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Chowk Bazar of Dhaka comes alive on Kolkata’s Zakaria Street

20 September, 2019 02:07:01
Chowk Bazar of Dhaka comes alive on Kolkata’s Zakaria Street

Arpita Chanda is a passionate foodie and an explorer. She loves walking down the streets of Kolkata, documenting life, light, sounds and food of this city

“O Allah it is for thee that I observe fast and it is with Thy blessing that I break it….” 

A prayer with which every Muslim adult breaks‘Roza’ or fasting during the month of Ramadan. In the evening with the sunset they end their Ramadan fast or Roza with this prayer and generally with 3 dates, as it is believed that Prophet Muhammad broke his fast by having 3 dates. According to Islamic belief, in the ninth month of the Islamic calendar the ‘Laylat –al-Qadr’ (Arabic) or ‘The Night of Power’ or ‘The night of decree’ comes and during ‘The Night of Power,’ the first revelation of the Quran was sent down to Muhammad. The odd-numbered nights during the last 10 days of Ramadan (21st, 23rd, 25th, 27th and 29th) are believed to be ‘Laylat – al- Qadr.’ To celebrate this pious occasion the Muslim community all over the world observes this month as a month of “Sawm” or fasting. The word Ramadan which is now anglicized as Ramzan, comes from the Arabic word ‘Ramida’ or ‘Ar-ramad,’ meaning scorching heat or dryness. Fasting during Ramadan is ‘Fard’ (obligatory) for every Muslim who attends their puberty, except in case of sick people, elderly people, menstruating and pregnant women, travelling people etc. 


During Ramadan the general practice is fasting from dawn to sunset and having a pre-dawn meal before sunrise. The pre-dawn meal before the fast is called the ‘Suhur’ or ‘Sehri’ or ‘Sahri.’ This meal is taken before ‘Fajr’ prayer.Iftar, also known as Fatoor, means break-fast, which takes place just before the Magribprayer or Salat-al-magrib or the West Prayer or the evening prayer. But the main meal of iftar starts after Magrib prayer and Muslim families generally have this meal together with friends and family from one plate. It is a feeling of community bonding and celebrates habit of sharing.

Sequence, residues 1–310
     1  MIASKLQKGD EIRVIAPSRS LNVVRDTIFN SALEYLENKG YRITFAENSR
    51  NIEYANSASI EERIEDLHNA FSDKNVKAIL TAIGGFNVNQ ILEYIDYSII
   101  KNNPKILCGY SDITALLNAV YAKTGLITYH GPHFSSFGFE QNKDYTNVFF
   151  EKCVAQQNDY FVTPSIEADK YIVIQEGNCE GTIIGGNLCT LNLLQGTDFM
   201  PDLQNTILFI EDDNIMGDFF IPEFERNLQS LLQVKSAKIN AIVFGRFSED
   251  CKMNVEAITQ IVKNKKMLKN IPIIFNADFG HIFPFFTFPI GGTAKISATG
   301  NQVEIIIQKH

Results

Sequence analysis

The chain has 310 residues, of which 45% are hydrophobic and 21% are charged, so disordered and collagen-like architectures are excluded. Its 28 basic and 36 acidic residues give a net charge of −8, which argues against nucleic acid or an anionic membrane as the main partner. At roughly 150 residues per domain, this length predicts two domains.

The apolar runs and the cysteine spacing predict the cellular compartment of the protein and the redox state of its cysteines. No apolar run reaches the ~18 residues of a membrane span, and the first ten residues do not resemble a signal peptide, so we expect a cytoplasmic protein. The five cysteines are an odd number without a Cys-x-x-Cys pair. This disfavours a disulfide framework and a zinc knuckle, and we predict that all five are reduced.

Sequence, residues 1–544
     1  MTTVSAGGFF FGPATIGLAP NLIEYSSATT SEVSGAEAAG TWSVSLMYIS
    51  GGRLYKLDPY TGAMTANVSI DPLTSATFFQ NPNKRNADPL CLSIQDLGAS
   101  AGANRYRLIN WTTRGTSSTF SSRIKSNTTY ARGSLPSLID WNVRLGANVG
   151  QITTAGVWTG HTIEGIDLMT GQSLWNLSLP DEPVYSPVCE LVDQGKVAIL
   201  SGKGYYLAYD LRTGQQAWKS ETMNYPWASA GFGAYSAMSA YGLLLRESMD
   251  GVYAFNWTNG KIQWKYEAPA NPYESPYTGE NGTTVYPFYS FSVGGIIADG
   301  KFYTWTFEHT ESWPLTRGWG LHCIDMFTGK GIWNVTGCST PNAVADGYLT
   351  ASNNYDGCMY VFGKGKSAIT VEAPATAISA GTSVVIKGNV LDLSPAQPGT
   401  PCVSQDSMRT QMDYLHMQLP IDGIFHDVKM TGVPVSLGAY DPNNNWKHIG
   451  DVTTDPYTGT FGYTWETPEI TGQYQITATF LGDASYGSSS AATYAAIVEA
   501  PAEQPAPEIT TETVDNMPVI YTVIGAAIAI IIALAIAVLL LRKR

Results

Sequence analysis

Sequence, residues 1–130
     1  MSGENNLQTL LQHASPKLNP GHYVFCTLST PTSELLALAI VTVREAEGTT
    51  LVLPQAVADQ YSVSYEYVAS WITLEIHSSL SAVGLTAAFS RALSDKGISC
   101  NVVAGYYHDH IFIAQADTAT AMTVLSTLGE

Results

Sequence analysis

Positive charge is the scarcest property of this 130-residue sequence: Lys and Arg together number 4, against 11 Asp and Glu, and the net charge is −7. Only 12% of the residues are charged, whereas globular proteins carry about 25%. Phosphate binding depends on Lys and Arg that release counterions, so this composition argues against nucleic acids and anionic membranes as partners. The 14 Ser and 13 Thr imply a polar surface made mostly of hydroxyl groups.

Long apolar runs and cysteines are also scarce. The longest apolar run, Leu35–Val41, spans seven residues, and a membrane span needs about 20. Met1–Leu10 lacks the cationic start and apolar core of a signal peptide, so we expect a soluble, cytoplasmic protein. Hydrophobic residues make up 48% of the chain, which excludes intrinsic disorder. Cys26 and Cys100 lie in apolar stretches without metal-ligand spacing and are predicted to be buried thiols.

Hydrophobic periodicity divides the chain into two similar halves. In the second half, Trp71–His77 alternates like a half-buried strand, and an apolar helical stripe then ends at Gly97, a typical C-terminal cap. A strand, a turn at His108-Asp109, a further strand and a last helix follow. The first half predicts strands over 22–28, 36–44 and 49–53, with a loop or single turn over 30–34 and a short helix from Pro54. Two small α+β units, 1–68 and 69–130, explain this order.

For these 30 days of Ramadan, Kolkata’s own ‘Kebab Gali’ and the areas adjacent to Bari Masjid or Nakhoda Masjid, specially the Zakaria Street turns to aFoodies’ Paradise.Anyone can compare it with the Burn Street of Karachi or Chowk Bazar of Dhaka. The vastness of the delicacies reminds me of the childhood rhyme “KhaiKhai” by Sukumar Roy. Me and my friend Niloyembark on our food journey with ‘Sharbet’ or ‘Sherbet,’ a drink which was popularized in India by the Mughal Emperor Babur. In Zakaria street the most favourite drink is Hamdard ka ‘RoohAfza,’ the ‘refresher of the soul.’ It is a Unani drink which was invented by Hakeem Hafiz Abdul Majeed in 1906 in Gaziabad. Having this drink on a scorching summer evening your soul will definitely say: “Jo rang dekho to dilrubahai, Maza jo chakkho to janfazahai, Mahak main phoolon se bhiziyadah, Asar main tafrith-o-taquiyathai.”


Nun, Paratha, Dalpuri, Rumali Roti, Lachha Paratha, Khameri roti are good companions of any Mughlai Delicacy such as Korma, Kebab, Nihari, Haleem etc.,but you will miss the taste of Ramadan if you do not taste Bakarkhani roti and Sheermal. Bakarkhani or Bakar khani roti is a thick, spiced, flat-bread with a hard crust and of slightly sweet taste. You can get a “fika” or unsweetened one also. This bread was brought by the Mughals from Central Asian region and now it is a part of Indian, Pakistani and Bangladeshi cuisine and plays a great role in the Kashmiri cuisine. One can get a wide variety of Bakarkhani in the makeshift food stalls.